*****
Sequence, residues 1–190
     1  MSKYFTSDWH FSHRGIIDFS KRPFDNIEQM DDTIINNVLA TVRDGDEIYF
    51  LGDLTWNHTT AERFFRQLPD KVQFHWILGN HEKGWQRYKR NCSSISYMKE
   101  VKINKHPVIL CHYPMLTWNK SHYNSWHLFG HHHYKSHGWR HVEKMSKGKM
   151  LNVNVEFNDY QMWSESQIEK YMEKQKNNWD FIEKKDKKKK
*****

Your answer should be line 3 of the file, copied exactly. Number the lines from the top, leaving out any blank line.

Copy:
    51  LGDLTWNHTT AERFFRQLPD KVQFHWILGN HEKGWQRYKR NCSSISYMKE